Kenya builds new prison for ‘extremists’ to tackle radicalisation
Kenya’s president Uhuru Kenyatta announced plans to build a special prison to house “violent and extremist” offenders to keep them from influencing other prisoners, though no timelines were given for its opening. “We will establish a new prison to hold violent, extremist offenders – the truth of the matter is that we cannot allow them to spread their poison to vulnerable Kenyans,” said the President at a graduation ceremony for guards. Kenya already has several maximum security prisons including Kamiti Maximum in Nairobi.
Radicalisation in prisons by Islamic extremists is well documented in Europe and the US, not just in Kenya. Many prisoners who had previously shown little interest in religion converted to Islam while they were in jail and a fair number have gone on to join terrorist groups on release from prison. Kenyatta did not say which terrorist groups he was referring to, but last June he promised a new campaign to stop people joining terrorist groups and to fight the influence of al Shabaab. He said that conventional policing methods would not be enough to tackle the threat from radicalised men and women.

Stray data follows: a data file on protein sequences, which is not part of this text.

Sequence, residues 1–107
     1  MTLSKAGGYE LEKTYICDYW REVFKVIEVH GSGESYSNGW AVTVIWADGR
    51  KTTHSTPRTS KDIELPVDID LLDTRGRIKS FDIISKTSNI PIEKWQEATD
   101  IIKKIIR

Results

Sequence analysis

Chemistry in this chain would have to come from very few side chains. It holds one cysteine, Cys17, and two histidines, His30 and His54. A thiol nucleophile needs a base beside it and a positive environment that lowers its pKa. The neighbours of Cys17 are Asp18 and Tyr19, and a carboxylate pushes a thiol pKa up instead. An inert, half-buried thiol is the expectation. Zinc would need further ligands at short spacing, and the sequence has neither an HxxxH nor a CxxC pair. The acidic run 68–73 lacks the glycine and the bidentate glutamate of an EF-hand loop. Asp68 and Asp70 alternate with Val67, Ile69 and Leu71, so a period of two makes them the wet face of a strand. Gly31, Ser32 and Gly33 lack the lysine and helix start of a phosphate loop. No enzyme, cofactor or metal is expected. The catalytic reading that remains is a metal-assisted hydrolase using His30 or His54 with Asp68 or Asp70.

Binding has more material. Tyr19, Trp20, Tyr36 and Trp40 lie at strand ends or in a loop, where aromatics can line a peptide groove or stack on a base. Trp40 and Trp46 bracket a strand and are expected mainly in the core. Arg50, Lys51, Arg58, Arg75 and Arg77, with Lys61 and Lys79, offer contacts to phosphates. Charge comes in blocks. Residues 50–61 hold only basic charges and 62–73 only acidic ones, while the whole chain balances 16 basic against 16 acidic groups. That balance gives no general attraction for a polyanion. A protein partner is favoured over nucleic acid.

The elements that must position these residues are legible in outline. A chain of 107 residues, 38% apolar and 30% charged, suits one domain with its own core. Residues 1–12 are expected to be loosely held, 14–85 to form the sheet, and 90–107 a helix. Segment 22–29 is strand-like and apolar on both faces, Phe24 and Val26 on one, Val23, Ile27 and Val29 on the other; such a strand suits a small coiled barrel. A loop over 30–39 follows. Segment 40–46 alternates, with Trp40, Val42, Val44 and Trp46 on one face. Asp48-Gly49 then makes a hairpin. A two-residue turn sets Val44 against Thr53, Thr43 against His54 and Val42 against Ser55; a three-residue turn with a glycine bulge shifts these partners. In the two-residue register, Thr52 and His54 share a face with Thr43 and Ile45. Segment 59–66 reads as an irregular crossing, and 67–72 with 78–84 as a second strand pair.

Al Shabaab, which is linked to Al Qaeda, has staged a string of attacks in Kenya and surrounding countries aimed at imposing its harsh brand of Islam. Kenyan citizens who had joined al Shabaab were responsible for some of the worst attacks in Kenya in recent years, including the massacre at Garissa University last April.